Filing for bankruptcy is normally thought of as a last resort. Most of the time we try so hard to resolve our debt issues on our own as best we can because the consequences of filing for bankruptcy last for such a long time. But sometimes going this rout is what is needed to get out of the hole. So now that you have decided that filing for bankruptcy is your only option, what’s next? Here is how bankruptcy works and the steps that are needed for you to take
What chapter if bankruptcy is right for you
The two most common types that are filed are chapter 7 and chapter 13. Understanding the difference in the two can be helpful when deciding what to file for. Chapter 7 is when you have to liquidate your assets to pay off your creditors that you have secured debt with. The unsecured debt you have left, including credit cards or medical bills, will be erased if the court rules you unable to pay. The court will ultimately decide if you are capable of paying a portion or the entirety of your debts by looking into all aspects of your finances like your bank accounts and your current job if you are employed. Chapter 13 bankruptcy involves the court approving a plan for you to pay back an agreed upon portion of your debt over the next three to five years. With this type of bankruptcy you are on a strict budget set by the court so you can get out of debt while still keeping your assets.
Decide if you need a lawyer
You can in fact file for bankruptcy on your own, but if it is your first time it can be intimidating to go through the steps by yourself. Getting a lawyer who deals with this type of work can be helpful because they will know the ins and outs and know how to negotiate for the best possible outcome. This can relive a ton of stress by not having to go through all the steps alone and having an experienced person walk you through the process.
Bankruptcy counseling sessions
No matter which chapter bankruptcy you have decided to file, you will have to attend two mandatory credit counseling sessions done at an agency approved by the court. The first counseling session will be before you file your bankruptcy paperwork with the court, officially starting the process. There you will discuss your financial state and decide if declaring bankruptcy is really the best option before you begin the process. They offer some alternatives that can be less harmful to your credit at this session. The second session of counseling is done after you file with the court. It is a debt education course that must be completed before your debts are discharged.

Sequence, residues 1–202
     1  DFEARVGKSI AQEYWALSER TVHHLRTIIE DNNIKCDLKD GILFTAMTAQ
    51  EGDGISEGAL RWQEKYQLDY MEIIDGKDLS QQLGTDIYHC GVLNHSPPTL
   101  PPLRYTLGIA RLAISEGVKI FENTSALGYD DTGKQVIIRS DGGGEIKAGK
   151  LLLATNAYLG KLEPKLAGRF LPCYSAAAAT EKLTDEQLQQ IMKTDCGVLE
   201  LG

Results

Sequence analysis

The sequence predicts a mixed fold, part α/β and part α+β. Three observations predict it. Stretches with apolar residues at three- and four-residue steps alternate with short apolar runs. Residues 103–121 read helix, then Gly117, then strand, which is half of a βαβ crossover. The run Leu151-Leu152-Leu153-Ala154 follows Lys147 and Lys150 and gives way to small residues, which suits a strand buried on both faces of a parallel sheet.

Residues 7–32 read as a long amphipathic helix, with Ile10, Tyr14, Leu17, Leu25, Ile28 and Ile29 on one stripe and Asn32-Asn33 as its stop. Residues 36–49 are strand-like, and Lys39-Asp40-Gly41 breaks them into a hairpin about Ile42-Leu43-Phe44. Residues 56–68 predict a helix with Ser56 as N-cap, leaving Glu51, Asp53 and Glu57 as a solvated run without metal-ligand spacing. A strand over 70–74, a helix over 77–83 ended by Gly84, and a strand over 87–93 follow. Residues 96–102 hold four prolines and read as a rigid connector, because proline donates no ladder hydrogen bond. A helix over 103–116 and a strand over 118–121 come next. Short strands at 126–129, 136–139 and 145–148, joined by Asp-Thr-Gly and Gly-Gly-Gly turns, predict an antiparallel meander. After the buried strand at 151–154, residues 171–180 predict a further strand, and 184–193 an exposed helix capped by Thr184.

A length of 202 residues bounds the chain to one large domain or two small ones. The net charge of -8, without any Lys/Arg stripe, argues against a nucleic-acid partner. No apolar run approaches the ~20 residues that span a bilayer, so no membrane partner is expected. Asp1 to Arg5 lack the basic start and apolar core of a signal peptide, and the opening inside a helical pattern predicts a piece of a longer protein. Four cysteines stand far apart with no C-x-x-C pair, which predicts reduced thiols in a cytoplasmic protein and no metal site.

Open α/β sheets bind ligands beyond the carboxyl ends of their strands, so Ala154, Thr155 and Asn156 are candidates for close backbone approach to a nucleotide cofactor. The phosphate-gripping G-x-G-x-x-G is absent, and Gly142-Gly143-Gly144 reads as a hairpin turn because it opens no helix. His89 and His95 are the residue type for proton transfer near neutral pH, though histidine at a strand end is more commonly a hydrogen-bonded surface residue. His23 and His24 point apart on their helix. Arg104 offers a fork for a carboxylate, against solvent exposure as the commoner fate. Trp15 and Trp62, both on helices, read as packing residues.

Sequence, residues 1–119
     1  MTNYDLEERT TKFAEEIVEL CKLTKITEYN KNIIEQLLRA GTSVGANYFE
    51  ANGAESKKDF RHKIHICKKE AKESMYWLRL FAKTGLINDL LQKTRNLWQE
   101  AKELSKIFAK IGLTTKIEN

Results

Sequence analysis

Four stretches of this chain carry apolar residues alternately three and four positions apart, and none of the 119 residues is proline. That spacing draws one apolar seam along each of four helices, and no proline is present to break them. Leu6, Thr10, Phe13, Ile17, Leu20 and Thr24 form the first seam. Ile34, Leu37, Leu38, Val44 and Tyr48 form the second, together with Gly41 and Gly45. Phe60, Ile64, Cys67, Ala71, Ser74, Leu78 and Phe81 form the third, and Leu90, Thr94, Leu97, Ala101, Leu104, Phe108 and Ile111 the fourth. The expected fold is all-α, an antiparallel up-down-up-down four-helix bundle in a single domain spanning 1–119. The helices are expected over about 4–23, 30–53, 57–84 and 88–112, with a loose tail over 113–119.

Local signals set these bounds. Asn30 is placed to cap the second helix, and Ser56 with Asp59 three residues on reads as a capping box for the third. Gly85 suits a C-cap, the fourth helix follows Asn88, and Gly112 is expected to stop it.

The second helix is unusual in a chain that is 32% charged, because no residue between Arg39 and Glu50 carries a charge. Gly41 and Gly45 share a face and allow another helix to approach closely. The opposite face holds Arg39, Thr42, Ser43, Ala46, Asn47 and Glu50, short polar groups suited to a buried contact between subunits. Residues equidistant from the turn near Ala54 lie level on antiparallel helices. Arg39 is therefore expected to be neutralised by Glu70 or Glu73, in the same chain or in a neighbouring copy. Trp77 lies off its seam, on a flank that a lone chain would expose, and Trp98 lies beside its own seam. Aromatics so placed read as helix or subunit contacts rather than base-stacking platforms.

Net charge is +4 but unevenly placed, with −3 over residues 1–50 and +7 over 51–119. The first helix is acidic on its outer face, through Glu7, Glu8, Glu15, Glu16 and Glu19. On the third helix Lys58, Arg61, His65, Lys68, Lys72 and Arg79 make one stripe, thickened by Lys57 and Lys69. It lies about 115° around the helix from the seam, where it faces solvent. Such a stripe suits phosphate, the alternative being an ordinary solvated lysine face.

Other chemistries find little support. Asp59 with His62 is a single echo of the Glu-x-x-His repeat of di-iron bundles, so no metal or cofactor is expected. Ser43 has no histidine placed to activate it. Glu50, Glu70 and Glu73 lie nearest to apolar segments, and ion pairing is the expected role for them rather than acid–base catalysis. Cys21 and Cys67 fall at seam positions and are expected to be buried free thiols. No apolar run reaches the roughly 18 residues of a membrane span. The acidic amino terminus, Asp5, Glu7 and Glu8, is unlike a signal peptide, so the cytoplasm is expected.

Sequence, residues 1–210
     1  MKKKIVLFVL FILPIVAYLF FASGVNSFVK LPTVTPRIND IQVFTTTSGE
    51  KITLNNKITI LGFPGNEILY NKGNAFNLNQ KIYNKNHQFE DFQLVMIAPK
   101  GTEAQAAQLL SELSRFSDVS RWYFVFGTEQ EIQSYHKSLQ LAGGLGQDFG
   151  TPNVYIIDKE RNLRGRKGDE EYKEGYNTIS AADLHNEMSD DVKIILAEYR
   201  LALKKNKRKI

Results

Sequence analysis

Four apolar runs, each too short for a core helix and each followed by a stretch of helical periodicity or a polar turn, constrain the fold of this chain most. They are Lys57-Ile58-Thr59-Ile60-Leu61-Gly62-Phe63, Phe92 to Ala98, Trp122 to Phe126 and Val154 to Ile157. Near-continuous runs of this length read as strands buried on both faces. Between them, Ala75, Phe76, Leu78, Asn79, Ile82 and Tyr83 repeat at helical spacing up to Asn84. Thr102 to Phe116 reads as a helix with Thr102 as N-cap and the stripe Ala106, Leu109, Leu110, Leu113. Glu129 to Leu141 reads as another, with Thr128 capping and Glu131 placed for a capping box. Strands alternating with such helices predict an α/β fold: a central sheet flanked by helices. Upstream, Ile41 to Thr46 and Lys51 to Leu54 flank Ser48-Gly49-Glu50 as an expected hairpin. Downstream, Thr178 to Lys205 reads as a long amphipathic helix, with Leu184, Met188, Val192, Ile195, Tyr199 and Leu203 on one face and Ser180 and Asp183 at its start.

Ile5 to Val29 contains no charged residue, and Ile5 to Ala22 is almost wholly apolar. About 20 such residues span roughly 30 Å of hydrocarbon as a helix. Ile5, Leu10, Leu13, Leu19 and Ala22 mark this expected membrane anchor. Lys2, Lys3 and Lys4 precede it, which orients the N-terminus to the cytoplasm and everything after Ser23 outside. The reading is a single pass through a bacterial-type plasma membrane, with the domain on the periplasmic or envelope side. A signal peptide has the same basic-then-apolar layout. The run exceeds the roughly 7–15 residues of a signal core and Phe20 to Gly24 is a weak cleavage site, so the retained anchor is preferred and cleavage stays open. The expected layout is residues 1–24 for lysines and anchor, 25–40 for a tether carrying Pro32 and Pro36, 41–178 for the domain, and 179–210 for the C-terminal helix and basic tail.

Filing with the court
After you have officially filed for bankruptcy with the court, it will then appear on your credit. This will then ensure that your creditors that you owe money to will stop calling or contacting you because bankruptcy invokes what is called an “automatic stay”. This stops all legal action from taking place as your debts to them are currently being sorted out.
Repayment schedule or liquidation of assets
Depending on what chapter you filed at this point you will begin liquidating the assets agreed upon if you have filed for chapter 7, or you will receive your repayment schedule you have filed for chapter 13. If you have any secured debts like your car or house at this time you must keep making the payments for them if you do not want to lose them.
Discharge of debt
At this point, all eligible debts will be discharged and you are now no longer obligated to pay the creditors that are involved with the bankruptcy. If you are on a repayment plan, this is when you start making those payments.
After you have reached the end of your bankruptcy journey now comes the really difficult part, the rebuilding process. Bankruptcy stays on your credit report for up to ten years so it will lower your score, potentially making it difficult to get credit in the future. This can also raise your interest rates. Now that you have a clean slate you can start improving your budgeting habits which will improve your credit score and raise it overtime. Putting these new habits into effect will help you stay out of debt and be more financially independent.